We are concerned that the RBA will be introduced at a time when the workload of teachers will be significant, schools will be focused on reopening and special attention will need to be paid to those children who were unable to develop their language skills because of social isolation during the pandemic: we believe that it would be helpful to provide schools with flexibility and enable them to implement the RBA for the cohort of children starting reception this year in January 2022.
This conclusion formed the basis of Lord Watson’s regret motion, which was tabled on 7 June 2021.
The Joint Committee on Statutory Instruments reported on the regulations in a report published on 11 June. It said they were defectively drafted in one respect; in that they should have specified the “manner of publication of delegated supplementary provisions”. The committee noted that the Department for Education had undertaken to amend the regulations to correct the defect “at the next available opportunity”, and that in the meantime the relevant statutory guidance was available online.
Selected reaction and government response
The House of Commons Library has noted that the introduction of the RBA has been controversial, with many detractors arguing it would be inappropriate for children to be assessed at the very beginning of their schooling. For example, the ‘More than a Score’ campaign has called the RBA a “flawed and inappropriate test”. It has explained its objections as follows:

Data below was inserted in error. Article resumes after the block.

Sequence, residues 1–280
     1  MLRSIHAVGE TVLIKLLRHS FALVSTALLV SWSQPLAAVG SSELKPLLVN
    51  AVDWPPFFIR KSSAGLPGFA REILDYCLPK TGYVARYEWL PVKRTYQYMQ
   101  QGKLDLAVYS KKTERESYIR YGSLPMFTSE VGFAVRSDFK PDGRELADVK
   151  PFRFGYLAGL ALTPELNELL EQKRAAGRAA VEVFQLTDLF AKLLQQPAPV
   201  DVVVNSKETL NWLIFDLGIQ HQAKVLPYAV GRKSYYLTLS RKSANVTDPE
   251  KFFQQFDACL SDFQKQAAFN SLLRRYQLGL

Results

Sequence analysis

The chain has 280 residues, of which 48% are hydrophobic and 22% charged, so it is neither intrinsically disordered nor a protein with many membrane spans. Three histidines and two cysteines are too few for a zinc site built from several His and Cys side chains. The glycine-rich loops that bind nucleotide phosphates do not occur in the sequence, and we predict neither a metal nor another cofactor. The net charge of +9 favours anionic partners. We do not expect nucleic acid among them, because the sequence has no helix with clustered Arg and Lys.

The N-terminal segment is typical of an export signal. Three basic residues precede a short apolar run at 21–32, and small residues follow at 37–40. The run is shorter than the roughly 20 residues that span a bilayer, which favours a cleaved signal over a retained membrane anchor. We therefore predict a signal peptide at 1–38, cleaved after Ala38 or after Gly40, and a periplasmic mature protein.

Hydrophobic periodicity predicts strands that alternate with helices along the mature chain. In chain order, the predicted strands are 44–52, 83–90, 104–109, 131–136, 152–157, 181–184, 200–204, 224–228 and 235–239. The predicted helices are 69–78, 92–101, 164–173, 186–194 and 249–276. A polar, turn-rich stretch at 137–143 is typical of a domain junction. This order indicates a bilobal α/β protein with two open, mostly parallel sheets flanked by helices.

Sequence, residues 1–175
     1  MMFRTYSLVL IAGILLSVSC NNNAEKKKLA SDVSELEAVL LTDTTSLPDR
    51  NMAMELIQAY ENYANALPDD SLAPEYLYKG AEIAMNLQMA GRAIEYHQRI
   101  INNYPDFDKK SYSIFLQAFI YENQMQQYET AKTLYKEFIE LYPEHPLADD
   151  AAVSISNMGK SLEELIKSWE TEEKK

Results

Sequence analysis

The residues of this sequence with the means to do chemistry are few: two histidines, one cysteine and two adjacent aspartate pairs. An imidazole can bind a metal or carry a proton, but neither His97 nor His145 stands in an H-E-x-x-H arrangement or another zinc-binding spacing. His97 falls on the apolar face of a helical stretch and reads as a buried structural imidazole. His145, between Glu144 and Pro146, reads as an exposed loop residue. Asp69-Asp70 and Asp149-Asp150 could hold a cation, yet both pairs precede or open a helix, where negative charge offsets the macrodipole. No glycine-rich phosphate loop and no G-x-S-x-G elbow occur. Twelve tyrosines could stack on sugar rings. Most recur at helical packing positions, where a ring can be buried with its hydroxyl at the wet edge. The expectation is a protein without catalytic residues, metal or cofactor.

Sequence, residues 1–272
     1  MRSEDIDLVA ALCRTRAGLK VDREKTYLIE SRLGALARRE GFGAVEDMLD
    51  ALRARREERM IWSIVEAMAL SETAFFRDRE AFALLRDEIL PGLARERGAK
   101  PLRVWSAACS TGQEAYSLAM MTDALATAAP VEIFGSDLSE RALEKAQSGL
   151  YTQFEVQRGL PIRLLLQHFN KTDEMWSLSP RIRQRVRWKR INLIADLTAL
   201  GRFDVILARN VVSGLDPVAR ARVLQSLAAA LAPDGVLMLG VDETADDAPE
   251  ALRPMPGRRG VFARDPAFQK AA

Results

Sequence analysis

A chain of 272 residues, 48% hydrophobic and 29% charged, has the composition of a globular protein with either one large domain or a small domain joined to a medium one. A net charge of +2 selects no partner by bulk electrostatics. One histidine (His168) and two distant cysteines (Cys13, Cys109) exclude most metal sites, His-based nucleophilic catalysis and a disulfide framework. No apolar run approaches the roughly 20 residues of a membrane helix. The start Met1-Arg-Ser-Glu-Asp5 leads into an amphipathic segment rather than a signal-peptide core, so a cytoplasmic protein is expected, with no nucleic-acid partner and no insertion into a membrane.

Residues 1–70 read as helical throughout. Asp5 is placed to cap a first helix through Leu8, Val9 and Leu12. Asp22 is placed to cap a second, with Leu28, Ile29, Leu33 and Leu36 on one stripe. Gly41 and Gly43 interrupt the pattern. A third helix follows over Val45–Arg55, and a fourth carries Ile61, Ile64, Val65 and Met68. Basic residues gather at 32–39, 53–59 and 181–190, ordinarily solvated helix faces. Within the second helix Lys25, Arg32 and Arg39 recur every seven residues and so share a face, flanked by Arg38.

More than a Score’s opposition to the pointless and harmful testing of four-year-olds is based on professional understanding of this age group. Anyone working with four-year-olds knows that one size most definitely doesn’t fit all. Small children develop social and cognitive skills at varying rates, with each day giving a different snapshot of their abilities.
Not only that, standardised tests would be significantly more difficult for those with special educational needs, or a summer birthday, or for whom English isn’t their first language. Yet they’d sit the same tests as everyone else in their class.